"We would like to build a park," says San Jose Councilwoman Charlotte Powers, who represents the Santa Teresa/Edenvale area. "But we haven't been able to work out the insurance issues. Otherwise I would be plugging for one."

State lawmakers in 1997 declared skateboarding a hazardous activity, like rock climbing, which means cities cannot be sued for injuries sustained by people 14 and over who skateboard on city property. But according to city attorney Joan Gallo, the law has too many loopholes.

"From the liability perspectives, this bill gives very little protection to cities," Gallo says. "It only protects cities against people 14 years old and older; it only protects cities if the skateboarders are doing a stunt or trick or luge skateboarding; it only protects cities if we require skateboarders to wear protective gear. Fortunately, it doesn't say exactly what color T-shirts they have to be wearing."

Meanwhile, some skaters build backyard ramps--the only sure way to avoid tickets and the police. Others take their chances at city parks and hope when they see the black-and-whites rounding the corner, they can outrun them. The chase is part of the allure.

"I'd be stoked if there was a skateboard park around here, but I'd still skate downtown," Noah says. "Skateboarding is not a sport. You can't confine it to a football field or a tennis court."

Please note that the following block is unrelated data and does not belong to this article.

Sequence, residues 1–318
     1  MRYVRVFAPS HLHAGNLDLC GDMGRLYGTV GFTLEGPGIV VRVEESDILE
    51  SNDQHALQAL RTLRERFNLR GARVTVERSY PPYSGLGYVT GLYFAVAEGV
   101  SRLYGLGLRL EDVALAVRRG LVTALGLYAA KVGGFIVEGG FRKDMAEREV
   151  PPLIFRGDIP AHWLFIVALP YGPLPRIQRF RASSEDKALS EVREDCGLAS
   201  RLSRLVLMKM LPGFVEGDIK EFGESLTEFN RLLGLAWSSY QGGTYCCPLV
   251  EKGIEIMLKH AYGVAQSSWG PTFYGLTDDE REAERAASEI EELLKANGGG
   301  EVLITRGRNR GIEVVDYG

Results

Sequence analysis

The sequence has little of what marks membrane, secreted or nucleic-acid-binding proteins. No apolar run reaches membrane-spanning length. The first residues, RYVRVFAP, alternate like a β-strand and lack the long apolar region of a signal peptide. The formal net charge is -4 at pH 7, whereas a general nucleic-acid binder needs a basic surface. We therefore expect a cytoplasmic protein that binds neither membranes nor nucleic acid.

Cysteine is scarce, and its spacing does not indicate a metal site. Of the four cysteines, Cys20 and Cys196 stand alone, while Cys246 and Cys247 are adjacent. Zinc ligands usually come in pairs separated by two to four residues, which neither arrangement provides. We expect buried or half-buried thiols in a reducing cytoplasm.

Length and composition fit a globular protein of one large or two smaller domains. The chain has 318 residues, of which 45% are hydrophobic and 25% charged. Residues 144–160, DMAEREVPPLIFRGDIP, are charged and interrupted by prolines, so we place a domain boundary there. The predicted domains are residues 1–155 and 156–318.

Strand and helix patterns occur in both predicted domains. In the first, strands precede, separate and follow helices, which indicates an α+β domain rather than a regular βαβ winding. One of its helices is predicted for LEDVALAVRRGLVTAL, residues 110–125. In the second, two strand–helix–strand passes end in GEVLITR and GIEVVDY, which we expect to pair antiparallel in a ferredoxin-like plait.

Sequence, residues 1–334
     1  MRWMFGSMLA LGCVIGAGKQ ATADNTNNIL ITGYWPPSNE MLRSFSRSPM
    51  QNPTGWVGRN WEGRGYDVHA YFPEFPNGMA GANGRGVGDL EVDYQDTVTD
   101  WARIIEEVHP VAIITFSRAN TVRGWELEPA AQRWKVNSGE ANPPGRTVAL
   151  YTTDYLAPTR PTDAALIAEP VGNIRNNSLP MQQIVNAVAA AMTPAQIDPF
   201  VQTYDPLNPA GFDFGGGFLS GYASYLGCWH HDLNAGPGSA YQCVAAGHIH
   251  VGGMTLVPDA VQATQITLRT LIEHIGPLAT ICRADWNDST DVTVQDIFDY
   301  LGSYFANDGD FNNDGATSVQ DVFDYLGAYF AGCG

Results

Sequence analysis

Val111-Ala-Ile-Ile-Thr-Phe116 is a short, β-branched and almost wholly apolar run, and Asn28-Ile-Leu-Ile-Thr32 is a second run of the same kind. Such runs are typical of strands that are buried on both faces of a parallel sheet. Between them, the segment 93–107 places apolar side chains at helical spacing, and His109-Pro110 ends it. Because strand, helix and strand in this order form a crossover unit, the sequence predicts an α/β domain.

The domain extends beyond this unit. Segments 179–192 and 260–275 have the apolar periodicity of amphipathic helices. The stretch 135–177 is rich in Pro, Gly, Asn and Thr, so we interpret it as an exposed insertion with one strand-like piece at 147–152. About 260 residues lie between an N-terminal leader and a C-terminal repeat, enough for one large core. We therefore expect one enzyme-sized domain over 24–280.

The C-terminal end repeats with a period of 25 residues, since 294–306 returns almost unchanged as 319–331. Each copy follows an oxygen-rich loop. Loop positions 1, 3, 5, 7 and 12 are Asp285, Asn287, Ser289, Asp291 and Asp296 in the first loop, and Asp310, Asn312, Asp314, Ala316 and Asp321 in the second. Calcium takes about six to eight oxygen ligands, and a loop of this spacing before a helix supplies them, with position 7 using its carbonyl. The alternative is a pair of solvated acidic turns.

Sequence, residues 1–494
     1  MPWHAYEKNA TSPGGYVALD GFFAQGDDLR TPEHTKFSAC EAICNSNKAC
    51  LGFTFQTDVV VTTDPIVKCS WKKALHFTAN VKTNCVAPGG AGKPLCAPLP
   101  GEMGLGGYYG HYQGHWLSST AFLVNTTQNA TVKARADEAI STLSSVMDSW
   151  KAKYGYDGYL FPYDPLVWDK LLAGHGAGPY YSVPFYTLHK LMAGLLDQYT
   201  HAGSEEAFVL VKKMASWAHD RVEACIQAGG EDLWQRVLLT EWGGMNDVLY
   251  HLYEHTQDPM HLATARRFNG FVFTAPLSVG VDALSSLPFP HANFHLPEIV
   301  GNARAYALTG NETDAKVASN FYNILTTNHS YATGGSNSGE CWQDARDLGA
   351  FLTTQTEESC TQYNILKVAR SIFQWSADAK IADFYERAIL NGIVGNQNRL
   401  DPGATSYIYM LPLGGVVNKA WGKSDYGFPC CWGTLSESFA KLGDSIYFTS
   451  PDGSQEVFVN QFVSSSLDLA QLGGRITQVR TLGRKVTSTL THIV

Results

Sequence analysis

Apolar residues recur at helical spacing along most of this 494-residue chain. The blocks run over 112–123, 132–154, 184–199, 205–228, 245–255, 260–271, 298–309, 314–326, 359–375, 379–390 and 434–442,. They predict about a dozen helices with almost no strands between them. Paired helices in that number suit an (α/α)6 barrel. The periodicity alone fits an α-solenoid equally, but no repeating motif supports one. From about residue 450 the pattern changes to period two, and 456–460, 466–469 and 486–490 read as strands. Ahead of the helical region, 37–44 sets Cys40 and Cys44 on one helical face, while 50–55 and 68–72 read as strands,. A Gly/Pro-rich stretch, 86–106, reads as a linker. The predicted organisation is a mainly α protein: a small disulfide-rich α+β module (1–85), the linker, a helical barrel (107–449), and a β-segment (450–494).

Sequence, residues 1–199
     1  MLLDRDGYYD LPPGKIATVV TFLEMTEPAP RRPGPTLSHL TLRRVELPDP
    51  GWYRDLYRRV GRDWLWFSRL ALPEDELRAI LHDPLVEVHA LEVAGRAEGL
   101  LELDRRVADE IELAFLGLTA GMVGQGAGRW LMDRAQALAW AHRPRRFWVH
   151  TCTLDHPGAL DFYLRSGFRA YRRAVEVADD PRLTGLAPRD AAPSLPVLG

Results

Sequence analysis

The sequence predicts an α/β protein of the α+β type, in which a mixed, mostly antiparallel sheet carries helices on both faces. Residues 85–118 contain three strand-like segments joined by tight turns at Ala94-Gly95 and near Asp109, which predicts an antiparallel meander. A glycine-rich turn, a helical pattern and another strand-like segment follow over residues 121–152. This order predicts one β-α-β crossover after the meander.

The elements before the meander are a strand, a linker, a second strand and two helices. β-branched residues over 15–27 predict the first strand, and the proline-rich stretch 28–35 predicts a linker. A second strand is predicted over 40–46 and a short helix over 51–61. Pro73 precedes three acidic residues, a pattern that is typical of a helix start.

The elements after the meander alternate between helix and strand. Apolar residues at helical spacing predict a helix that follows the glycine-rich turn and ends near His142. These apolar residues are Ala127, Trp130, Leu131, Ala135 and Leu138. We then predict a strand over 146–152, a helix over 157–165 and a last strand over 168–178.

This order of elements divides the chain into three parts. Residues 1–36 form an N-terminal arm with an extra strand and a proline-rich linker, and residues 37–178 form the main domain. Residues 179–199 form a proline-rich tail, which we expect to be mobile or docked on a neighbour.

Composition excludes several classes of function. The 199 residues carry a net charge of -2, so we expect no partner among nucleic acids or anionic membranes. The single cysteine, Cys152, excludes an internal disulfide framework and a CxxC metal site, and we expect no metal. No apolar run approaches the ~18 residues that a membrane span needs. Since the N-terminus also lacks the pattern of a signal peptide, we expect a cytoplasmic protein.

Local skaters say if the city builds a skate park, they will come, but with the lack of open space in San Jose, plans for a park are still in the early mixing stages--as unstable as freshly poured cement. San Jose's Jim Norman is not making any excuses.

"Sure we're behind--we're behind in keeping up with the general open space, we're behind in ball fields for soccer, we're behind in swimming pools," Norman says. "San Jose grew faster than we were able to keep up with, developmentwise."

With the lack of open fields and parks, however, a paved paradise for skateboarders takes a back seat.

"When I have a choice of putting in two to four acres of turf for a variety of uses, versus a skateboard park with limited use, it always makes it a question of priorities," Norman says. And in San Jose, a skateboarding park does not top that list.

Designs are likely to be drawn before next July, Norman says, but San Jose still wouldn't see a citywide skate park until late 2000, maybe even 2001. First, the city needs an open two-acre site to house the concrete ramps, stairs and rails. Norman estimates a park would run $175,000 to $200,000--and that's for a small-scale park. The 15,000-square-foot one the city of Santa Clara recently built cost $400,000.

In the meantime, skateboarders say, they will continue to frequent schoolyard staircases, parking lots and downtown parks--and skate like hell when the cops on horseback ride into view. They're too impatient to wait.

Skateboard
Photograph by Skye Dunlap

Wheel Attitude

BRYAN ADUDDELL, 22, only skates in his backyard. Three years ago, he built a ramp from plywood. It's 4 feet tall, 16 feet wide and 32 feet across. But it's a work in progress--next month, it will reach 6 feet high, he says.

"I'm too old to get chased by cops," he says. "I'm not running from nobody."

Bryan, Noah and Miguel warm up on the ramp, while Nate watches. Miguel looks slightly out of place on the ramp. Nate says that's because he's a street skater, not a ramp skater. Bryan, on the other hand, is at home. He skates with a hard-core edge, doing flips and slides from the extension.